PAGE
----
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Sunday, March 21, 2010

Debbie Purdy: I suck the marrow out of life, I'm not ready to die

Damian Whitworth

From: The Times March 19, 2010

In a wallet on her kitchen table Debbie Purdy keeps the two pieces of plastic that will enable her to make her final journey. The Visa credit cards — one for her and one for her husband, Omar Puente — have a limit of £7,500. She has not spent a penny because she wants to keep them clear to pay for her death.

“We don’t carry them with us because it’s only for use . . .” She stops short of referring specifically to the trip that she plans to make to the Dignitas assisted suicide clinic in Switzerland. “We haven’t really talked about the cards but we both have copies because I am worried that he will need it to get home and stuff like that.”
We would not be having this conversation if Ms Purdy, who has multiple sclerosis, had not won a landmark legal victory last year forcing the Director of Public Prosecutions (DPP) to clarify the law on assisted suicide. “I would probably have been dead for six months at this point. It’s terrifying. I love being alive.”  .......read more....

Saturday, March 20, 2010

A.C. Grayling on Diane Pretty's right to die

Well known for his impressive mane, Professor A.C. (Anthony Clifford) Grayling is a prominent English philosopher, Professor of Philosophy at Birkbeck College, University of London, and a Supernumerary Fellow of St. Anne's College, Oxford. He is a prolific author, publishing, last year alone, three or four books, amongst them the encyclopaedic book, Ideas that Matter: A Personal Guide to the 21st Century, which gives succinct, elegant, and thoughtful essays on many things of contemporary interest and concern, including assistance in dying (see under 'euthanasia'). He was closely involved with the legal team for Diane Pretty, a woman suffering from ALS (which is called motor neurone disease in the UK), who brought her case before the High Court in London, and also before the European Court of Human Rights in The Hague, arguing for her right to assistance in dying. While she lost her case, and the appeal to the ECHR, Diane Pretty, who sadly died as she feared that she would die, was, like Sue Rodriguez, a brave advocate for the right to die with dignity, and paved the way for many of the changes that are now taking place in England and Wales. Professor Grayling wrote a paper supporting Diane Pretty's right to assistance in dying, entitled "Diane Pretty - the case for her right to choose", and you can read it here, on Professor Grayling's web site.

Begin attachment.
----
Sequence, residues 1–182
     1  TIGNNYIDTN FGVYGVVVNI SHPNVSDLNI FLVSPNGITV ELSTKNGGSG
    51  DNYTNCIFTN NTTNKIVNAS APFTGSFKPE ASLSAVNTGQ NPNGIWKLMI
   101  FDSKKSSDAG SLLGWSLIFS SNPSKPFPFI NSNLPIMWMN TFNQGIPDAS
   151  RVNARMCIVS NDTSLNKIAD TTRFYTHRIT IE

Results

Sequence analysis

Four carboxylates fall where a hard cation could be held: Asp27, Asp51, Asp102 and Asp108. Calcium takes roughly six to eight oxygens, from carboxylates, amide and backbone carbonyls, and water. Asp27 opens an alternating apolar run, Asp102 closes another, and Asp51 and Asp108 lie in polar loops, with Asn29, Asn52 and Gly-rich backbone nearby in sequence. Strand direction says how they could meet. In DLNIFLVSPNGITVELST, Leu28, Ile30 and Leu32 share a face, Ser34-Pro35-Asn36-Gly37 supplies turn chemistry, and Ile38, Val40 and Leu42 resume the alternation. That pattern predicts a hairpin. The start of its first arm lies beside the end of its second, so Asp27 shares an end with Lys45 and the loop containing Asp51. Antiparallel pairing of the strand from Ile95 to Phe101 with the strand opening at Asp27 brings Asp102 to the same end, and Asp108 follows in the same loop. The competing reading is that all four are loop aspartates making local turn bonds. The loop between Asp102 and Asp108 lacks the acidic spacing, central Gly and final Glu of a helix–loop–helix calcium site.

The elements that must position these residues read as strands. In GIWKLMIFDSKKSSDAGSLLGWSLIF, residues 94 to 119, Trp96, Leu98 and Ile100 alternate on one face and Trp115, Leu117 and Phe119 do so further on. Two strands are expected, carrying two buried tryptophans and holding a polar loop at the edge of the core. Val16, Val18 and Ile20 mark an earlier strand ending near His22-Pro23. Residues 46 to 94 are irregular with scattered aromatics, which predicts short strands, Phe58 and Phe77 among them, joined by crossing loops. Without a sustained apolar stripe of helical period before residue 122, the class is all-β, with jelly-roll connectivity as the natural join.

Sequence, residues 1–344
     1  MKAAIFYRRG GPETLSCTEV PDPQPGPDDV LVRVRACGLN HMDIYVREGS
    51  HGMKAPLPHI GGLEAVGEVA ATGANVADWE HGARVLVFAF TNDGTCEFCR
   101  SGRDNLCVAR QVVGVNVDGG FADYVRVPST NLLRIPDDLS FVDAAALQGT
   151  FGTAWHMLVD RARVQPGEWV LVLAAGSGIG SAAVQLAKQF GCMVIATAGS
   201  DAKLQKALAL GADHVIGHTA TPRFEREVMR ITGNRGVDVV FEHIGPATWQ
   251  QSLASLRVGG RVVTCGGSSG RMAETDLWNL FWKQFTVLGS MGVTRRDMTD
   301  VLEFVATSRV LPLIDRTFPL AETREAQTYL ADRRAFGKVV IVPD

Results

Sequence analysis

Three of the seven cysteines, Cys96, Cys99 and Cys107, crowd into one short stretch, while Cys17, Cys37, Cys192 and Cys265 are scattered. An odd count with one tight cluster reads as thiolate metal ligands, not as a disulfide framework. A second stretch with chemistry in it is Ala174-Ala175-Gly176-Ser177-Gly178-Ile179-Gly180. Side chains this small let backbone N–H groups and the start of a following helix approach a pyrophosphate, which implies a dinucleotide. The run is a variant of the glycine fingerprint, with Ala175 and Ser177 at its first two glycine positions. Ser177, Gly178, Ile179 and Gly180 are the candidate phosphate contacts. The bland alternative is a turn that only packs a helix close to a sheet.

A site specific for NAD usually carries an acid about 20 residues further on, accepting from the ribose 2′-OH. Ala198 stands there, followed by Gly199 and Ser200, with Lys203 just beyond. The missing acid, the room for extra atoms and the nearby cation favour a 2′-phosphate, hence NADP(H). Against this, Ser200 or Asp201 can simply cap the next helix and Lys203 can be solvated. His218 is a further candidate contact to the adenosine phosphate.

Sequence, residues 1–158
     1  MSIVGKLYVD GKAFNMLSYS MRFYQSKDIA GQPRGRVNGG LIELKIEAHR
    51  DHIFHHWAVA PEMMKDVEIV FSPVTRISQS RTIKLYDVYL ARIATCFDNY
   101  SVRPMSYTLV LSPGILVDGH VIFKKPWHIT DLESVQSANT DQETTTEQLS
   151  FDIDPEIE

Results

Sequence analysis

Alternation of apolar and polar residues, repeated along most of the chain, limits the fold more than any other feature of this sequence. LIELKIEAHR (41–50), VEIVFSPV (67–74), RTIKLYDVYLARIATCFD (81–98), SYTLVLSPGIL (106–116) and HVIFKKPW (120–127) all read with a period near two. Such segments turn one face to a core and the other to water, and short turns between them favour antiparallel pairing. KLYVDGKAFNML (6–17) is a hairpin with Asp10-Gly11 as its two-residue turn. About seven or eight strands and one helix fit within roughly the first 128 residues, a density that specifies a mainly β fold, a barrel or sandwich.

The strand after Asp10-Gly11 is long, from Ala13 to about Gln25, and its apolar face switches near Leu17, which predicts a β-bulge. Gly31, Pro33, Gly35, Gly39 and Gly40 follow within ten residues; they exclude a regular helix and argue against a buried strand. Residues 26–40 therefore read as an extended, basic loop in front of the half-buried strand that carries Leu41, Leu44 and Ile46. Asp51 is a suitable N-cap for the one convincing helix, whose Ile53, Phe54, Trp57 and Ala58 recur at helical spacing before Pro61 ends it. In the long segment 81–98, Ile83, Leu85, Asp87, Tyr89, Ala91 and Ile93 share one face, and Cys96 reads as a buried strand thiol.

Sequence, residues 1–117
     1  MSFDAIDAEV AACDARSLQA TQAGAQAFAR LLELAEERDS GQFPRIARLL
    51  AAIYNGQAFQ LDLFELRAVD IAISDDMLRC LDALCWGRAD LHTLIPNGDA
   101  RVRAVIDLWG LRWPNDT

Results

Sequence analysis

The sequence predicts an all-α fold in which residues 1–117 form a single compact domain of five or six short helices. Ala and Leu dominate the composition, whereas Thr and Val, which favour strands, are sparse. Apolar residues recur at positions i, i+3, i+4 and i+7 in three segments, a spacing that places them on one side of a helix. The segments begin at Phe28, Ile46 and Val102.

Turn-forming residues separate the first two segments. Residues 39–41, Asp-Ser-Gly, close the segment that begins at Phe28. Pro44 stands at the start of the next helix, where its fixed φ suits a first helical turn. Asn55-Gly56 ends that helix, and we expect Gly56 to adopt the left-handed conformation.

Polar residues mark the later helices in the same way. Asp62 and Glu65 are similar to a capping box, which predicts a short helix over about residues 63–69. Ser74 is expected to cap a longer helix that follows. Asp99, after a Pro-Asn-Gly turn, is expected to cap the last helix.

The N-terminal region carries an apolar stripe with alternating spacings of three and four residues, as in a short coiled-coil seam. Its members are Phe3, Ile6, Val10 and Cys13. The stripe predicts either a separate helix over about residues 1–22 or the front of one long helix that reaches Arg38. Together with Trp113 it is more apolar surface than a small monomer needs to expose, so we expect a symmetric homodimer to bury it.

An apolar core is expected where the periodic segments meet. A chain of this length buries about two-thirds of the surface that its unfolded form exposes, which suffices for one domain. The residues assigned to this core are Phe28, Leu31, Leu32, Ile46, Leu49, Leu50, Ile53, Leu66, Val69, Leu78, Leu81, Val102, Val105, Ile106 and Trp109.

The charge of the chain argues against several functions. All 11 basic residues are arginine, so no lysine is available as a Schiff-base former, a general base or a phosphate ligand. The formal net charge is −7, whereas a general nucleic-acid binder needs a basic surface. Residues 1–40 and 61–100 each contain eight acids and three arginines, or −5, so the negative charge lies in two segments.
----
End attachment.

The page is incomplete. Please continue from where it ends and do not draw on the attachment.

Friday, March 19, 2010

Why is Choice in Dying so Important?

As Canadians, we value the freedoms we have to make choices in our lives.

Whether it is the freedom to choose how to participate or celebrate spiritual beliefs, the freedom to participate in democratic elections, or the freedom to speak our minds without fear of reprisal enjoying these freedoms in life is our protected right. In fact, it is one of the reasons we have a Charter of Rights and Freedoms and value that so dearly.

But even though dying is something that every Canadian will face, unfortunately we do not have the same freedom of choice at the end of our lives.

Even with an Advance Directive (sometimes referred to as a “Living Will”) in place, or a designated substitute decision maker, there is no guarantee that your wishes will be respected. As an example, legalized aid-in-dying is an option that is not currently allowed in Canada, regardless if someone has specifically requested it.

As the “Boomer” generation swells our aging population and advances in healthcare are achieved that both prolong life and the dying process, there has never been a greater need to face these issues, learn about them, and talk about them openly.

We need change. And that change can only come when dialogue and information sharing is activated among elected officials, policy-makers, spiritual leaders, healthcare practitioners and advocates for choice.

Dying with Dignity is committed to ensuring that dialogue and debate on these critically important topics continues until our freedom choose our end of life options are as firmly entrenched as our freedom to choose to vote, to worship or to speak our minds.